One day, 'Umar heard that Abu Musa Ash'ari had lashed one of the fighters of the army and had shaved his head. He wrote to Abu Musa that if he had done this in public, he must receive Qisas or get retaliatory punishment in public. And, if he had done it secretly, again he would have to be punished in the same manner. When Abu Musa was getting ready for Qisas, the lashed man forgave him. 
At any rate, 'Umar's orders and letters to the governors of different lands, his questioning of the emirs of cities and his urging them to observe justice, have been mentioned in numerous occasions by various sources.  This situation, whatever reason it had, did not last after 'Umar. 'Uthman, during his years of caliphate, left his functionaries to themselves. This prevented a personality such as Imam 'Ali from controlling the situation.
The narrator says, “Once, some money was brought to 'Umar. His child took one dhm, put it in its mouth and went away. 'Umar went after him and took the money.” The narrator adds, “I was sitting with 'Uthman when some money was brought to him, His child took a coin and then, his servant took one, but he did not protest. I burst into tears. When 'Uthman asked the reason, I told him the story.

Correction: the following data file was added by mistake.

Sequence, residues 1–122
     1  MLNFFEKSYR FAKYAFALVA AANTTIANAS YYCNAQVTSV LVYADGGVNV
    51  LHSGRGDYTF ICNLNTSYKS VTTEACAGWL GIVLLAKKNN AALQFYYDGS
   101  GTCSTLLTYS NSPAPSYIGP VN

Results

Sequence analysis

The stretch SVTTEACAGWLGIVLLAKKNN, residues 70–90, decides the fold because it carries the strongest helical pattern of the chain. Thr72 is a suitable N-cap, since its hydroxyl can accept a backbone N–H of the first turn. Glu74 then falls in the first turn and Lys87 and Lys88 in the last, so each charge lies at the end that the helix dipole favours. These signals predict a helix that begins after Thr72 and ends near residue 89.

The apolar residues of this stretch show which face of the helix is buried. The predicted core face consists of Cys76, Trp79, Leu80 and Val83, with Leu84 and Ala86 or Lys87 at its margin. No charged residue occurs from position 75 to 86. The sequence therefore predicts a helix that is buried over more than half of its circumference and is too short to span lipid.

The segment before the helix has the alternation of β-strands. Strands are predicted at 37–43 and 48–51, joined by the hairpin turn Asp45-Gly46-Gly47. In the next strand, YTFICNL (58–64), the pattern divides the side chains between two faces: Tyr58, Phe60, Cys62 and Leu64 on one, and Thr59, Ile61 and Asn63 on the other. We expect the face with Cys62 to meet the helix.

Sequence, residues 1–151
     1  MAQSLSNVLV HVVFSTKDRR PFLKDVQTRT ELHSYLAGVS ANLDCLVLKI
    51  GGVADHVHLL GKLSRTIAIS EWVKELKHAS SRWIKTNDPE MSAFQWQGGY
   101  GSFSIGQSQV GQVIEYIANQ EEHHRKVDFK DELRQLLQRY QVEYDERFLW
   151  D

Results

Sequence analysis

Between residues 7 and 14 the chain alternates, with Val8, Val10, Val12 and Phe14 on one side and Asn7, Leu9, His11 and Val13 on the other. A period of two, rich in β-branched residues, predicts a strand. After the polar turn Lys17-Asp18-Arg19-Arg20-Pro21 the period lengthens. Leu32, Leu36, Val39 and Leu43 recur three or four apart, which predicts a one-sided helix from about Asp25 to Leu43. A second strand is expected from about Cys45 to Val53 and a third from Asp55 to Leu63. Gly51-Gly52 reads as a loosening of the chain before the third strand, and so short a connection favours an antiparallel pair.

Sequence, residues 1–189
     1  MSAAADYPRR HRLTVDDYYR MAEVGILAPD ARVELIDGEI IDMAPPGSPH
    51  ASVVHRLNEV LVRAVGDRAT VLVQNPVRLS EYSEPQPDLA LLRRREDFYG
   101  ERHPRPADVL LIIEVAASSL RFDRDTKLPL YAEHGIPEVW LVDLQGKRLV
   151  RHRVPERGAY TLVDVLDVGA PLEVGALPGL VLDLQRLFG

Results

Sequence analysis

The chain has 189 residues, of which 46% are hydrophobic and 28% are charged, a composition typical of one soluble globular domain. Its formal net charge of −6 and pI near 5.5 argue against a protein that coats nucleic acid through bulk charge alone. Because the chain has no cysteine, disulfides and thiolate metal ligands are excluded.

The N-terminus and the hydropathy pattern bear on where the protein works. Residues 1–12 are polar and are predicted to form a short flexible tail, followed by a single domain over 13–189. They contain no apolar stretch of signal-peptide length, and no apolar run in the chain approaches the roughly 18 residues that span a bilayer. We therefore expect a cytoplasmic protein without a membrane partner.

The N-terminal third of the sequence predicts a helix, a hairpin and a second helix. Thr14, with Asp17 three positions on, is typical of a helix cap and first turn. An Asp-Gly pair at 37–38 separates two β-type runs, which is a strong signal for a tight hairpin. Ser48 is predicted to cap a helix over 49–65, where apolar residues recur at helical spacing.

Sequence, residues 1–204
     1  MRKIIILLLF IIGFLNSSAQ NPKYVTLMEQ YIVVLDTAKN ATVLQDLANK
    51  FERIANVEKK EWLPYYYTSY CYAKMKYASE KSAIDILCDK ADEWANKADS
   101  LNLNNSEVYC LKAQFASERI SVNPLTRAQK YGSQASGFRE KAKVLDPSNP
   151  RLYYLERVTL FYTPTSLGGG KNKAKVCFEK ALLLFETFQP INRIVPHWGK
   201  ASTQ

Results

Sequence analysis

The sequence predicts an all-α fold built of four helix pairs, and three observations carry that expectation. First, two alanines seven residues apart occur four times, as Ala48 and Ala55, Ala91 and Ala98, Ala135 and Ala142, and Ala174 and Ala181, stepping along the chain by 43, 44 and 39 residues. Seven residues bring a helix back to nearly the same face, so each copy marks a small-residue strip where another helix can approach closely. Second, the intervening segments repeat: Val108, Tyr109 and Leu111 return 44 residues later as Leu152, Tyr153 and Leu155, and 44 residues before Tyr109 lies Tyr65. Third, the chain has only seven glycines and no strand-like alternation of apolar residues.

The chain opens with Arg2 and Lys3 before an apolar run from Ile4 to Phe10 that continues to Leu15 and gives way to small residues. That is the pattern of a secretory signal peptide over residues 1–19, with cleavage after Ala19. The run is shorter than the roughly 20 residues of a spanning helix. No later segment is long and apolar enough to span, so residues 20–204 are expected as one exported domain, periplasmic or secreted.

'Uthman said, ”'Umar did not give to his relatives for God's sake, but I am giving to my folks for God's sake.” 
Among his functionaries, 'Umar did not question one particular person. He was Mu'awiya, son of Abu Sufyan who had converted to Islam even later than his father. Appointing Mu'awiya as the governor of Damascus during the last six years of 'Umar's caliphate was one of the sensitive issues of that time. The caliph was accused of playing a major role in stabilizing the status of the Umayya in Damascus.